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John of Lancaster Bedford, duke of

Bedford, John of Lancaster, duke of, 1389–1435, English nobleman; third son of Henry IV of England and brother of Henry V. At the death (1422) of his brother and succession of his 9-month-old nephew, Henry VI, Bedford was designated as regent of France and protector of England. While he was in France his duties in England were to be performed by his younger brother Humphrey, duke of Gloucester. Bedford devoted himself to the affairs of France. In his attempt to make permanent the English occupation of France, he gave the country an able, if severe, administration, but his position was undermined by the waverings of his ally, Philip the Good, duke of Burgundy, and by the victories of Joan of Arc, whose execution during his term of office has injured his reputation. He died shortly after the conclusion of a separate peace between Philip and King Charles VII of France, a major setback to the English. His death deprived England of the only man powerful and respected enough to keep balance between the court's hostile factions.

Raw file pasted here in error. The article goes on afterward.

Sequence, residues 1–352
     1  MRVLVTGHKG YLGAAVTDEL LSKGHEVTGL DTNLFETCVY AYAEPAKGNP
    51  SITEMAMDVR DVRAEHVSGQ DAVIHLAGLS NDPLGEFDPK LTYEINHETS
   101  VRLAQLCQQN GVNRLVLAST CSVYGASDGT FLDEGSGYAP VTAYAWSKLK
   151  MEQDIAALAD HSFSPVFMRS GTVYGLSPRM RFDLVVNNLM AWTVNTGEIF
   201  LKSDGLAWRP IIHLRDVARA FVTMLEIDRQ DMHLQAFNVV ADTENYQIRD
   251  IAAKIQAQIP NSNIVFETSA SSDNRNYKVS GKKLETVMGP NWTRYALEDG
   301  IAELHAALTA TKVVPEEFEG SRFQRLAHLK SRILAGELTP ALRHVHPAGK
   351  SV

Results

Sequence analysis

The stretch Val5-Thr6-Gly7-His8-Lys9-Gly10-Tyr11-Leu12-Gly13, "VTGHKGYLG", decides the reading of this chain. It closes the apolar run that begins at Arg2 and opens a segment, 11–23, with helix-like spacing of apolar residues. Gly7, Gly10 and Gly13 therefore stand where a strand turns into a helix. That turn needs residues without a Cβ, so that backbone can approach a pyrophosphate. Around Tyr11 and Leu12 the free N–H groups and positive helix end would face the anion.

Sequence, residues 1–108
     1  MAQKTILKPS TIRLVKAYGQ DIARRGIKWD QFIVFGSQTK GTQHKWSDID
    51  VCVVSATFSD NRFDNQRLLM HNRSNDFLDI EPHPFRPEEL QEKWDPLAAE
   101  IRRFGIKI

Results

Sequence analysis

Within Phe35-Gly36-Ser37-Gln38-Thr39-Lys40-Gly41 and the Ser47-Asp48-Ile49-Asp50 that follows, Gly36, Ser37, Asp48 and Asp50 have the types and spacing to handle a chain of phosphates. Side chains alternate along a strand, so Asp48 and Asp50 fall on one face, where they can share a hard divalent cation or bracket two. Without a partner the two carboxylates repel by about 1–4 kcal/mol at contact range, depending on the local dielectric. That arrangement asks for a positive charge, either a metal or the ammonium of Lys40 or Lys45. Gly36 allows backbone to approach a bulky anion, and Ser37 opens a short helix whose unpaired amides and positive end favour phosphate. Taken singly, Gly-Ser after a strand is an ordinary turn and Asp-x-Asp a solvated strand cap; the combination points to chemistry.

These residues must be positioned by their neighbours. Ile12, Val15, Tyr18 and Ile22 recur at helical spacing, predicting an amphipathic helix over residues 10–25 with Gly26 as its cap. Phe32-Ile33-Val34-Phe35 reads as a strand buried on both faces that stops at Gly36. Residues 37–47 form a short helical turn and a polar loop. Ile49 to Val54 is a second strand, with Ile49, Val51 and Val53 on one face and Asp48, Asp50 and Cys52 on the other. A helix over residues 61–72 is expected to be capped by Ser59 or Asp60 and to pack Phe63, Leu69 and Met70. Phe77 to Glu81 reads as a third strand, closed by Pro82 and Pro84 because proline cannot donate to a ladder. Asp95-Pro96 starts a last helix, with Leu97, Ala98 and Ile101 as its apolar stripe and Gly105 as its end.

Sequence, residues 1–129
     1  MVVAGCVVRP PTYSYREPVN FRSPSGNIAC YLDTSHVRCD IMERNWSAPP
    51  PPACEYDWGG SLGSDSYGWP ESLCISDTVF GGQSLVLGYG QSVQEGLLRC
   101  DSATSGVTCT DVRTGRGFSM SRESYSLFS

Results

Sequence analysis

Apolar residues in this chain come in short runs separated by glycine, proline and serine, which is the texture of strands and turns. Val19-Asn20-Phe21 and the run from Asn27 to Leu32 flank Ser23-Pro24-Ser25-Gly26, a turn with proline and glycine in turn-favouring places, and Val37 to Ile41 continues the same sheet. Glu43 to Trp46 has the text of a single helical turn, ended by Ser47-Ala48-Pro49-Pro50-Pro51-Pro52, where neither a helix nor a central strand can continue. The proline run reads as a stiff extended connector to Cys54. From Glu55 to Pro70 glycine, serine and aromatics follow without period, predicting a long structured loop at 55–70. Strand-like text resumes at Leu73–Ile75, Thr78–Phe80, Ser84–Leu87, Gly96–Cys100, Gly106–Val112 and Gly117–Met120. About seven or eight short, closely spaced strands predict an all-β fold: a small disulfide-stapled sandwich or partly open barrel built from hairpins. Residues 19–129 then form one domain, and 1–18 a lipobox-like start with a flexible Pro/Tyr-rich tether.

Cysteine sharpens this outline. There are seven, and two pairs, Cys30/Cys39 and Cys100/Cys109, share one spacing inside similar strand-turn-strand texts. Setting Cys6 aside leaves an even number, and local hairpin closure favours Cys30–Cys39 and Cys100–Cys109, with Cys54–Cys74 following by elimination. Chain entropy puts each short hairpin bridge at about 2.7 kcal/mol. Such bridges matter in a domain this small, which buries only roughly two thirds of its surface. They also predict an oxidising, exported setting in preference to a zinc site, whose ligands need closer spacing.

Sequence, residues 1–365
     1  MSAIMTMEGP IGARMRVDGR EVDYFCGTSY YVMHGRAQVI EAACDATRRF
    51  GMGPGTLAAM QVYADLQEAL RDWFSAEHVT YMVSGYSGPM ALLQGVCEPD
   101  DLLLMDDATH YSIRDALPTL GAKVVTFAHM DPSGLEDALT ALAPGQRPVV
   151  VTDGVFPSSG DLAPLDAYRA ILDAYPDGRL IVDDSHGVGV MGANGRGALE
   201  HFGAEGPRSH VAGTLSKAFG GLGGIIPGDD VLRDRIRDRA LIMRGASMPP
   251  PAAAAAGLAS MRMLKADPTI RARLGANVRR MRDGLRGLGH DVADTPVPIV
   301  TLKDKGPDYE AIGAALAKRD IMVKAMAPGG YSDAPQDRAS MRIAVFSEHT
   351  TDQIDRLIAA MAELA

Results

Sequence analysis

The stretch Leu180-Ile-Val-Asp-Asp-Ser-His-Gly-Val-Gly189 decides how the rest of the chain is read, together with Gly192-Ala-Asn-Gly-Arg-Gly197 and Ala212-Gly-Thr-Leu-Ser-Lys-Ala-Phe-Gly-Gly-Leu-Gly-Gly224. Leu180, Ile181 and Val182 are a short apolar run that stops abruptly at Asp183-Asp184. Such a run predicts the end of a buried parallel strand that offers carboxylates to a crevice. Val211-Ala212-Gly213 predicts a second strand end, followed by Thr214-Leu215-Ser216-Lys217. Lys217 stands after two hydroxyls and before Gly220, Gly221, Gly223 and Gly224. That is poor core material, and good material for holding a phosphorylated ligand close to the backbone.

The Columbia Electronic Encyclopedia, 6th ed. Copyright © 2012, Columbia University Press. All rights reserved.

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